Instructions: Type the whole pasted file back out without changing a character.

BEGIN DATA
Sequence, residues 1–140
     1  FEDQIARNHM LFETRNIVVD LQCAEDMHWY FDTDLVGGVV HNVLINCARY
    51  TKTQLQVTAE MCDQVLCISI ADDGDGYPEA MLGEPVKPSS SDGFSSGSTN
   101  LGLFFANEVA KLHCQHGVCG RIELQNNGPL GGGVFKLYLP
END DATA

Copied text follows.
Sequence, residues 1–140
     1  FEDQIARNHM LFETRNIVVD LQCAEDMHWY FDTDLVGGVV HNVLINCARY
    51  TKTQLQVTAE MCDQVLCISI ADDGDGYPEA MLGEPVKPSS SDGFSSGSTN
   101  LGLFFANEVA KLHCQHGVCG RIELQNNGPL GGGVFKLYLP